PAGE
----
Opposition and Labor find common ground on aged care Budget measures

May 12, 2023
Dutton's support for Labor's aged care budget measures is encouraging news for older Australians. Source: Getty Images.

While Opposition Leader Peter Dutton used his Budget reply speech to take the Labor party to task over several of their measures, he did acknowledge the importance of measures aimed at improving the ailing aged care sector.

Dutton’s endorsement of Labor’s budget measures aimed at enhancing the ailing aged care sector is great news for older Australians, as it signifies a potential for meaningful improvements in the quality of care and services provided.

“We support the Budget measures in aged care  which build on the $30 billion we invested in government,” Dutton said.

“Australians who have worked hard, raised a family and paid taxes deserve a dignified and respectful life as they age.

“The aged care system has been under strain for decades and we support the additional investment.

“It’s incredibly important, given the increasing need, to take care of elderly Australians.

“Aged care funding is not a magic pudding.

“A respectful, dignified, world-class aged care system is only funded by residents or taxpayers.

“I want to work with the Government to ensure that our aged care system remains sustainable.

“I am a person of my word.”

The Budget will see Labor commit $11.3 billion towards funding a substantial 15 per cent pay increase for aged care workers, matching the recent Fair Work Commission’s directive for the sector.

The significant investment is expected to draw more staff to the sector and will be a vital step forward towards the government’s commitment to improving the quality of aged care in Australia.

In addition, the government has allocated a sum of $166.8 million to facilitate 9,500 more Home Care Packages, which will benefit older Australians who wish to continue living in the comfort of their homes

Although Dutton agreed with Labor on improving aged care services across the nation he did take issue with a number of measures that were put forward, citing “five things the Treasurer failed to mention which are important to all Australians”.

The five areas which Dutton took issue with included:

  • 10 million Australians who earn under $126,000 will face a tax hike and around 175,000 more Australians will be unemployed.
  • Millions of middle Australians – the backbone of our country – are worse off. This Government is spending an additional $185 billion, yet middle-income Australians won’t receive one cent.
  • Amidst a housing and rental crisis, our migration numbers will increase massively by 1.5 million people over five years – the highest number in our country’s history and more than the population of Adelaide. Without addressing housing supply and infrastructure, where will these people live.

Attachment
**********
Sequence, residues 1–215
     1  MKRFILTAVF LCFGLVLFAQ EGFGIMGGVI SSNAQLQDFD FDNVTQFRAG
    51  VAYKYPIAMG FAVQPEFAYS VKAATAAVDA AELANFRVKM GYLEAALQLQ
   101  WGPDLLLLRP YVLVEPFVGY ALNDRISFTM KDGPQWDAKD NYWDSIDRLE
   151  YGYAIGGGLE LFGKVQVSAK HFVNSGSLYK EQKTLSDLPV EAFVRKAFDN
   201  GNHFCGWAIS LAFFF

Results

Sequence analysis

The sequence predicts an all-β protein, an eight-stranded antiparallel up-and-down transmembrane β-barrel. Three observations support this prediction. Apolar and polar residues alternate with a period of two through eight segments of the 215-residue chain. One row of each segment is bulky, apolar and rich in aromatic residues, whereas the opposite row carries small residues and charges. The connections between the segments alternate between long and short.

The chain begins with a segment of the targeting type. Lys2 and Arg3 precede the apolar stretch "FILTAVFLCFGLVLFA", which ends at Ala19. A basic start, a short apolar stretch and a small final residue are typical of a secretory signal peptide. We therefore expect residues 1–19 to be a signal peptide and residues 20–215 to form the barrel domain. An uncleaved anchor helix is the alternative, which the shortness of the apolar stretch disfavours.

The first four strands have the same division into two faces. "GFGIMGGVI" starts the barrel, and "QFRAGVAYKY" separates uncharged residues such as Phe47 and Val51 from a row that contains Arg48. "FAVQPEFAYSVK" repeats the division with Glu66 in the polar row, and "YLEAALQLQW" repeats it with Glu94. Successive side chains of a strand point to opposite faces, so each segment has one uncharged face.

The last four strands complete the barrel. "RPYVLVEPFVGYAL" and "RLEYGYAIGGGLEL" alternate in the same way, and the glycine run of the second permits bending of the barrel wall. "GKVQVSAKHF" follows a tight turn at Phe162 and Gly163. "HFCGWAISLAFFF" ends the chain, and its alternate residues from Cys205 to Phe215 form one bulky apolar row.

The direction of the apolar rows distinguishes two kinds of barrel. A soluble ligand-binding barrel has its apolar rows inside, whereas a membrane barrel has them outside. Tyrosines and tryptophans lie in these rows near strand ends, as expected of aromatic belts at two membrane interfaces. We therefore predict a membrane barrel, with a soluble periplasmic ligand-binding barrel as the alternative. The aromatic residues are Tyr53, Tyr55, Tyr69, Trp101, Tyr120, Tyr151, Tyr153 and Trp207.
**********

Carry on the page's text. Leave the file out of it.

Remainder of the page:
• Your power bills are still going up by more than $500.
  • As a result of the Government’s policies, inflation will only stay higher for longer, continuing to grind down real incomes of households.


Dutton also zeroed in on the Government’s energy policies, claiming “your electricity bill is still going up by more than $500”.

“Yet, you were promised on 97 occasions by this Prime Minister they would go down by $275,” he said. ”

“I would love to see a copy of anyone’s power bill that’s gone down by $275 since Mr Albanese made that promise.

“Moreover, Labor promised that the average household’s power bills would be around $1,200 in 2024-25.

“Based on forecasts in the Budget, they will be in excess of $2,000 per annum. Australians thought there was help on the way in this Budget.

“But a family with children – and a mortgage – is $25,000 worse off under Labor.

“Very few Australians can say they are better off today than they were 12 months ago when Labor was elected.”

While delivering his Budget speech, Chalmers this year’s Budget was about “seeing our people through the hard times – and setting our country up for a better future.”

“In all our decisions, we seek to strike a considered, methodical balance,” he said.

“Between spending restraint to keep the pressure off inflation, while doing what we can to help people struggling to make ends meet.

“Making sure vital services like Medicare and the National Disability Insurance Scheme are secure, reliable and sustainable.

“And dealing with immediate, near‑term challenges – while investing in our long‑term national success.”


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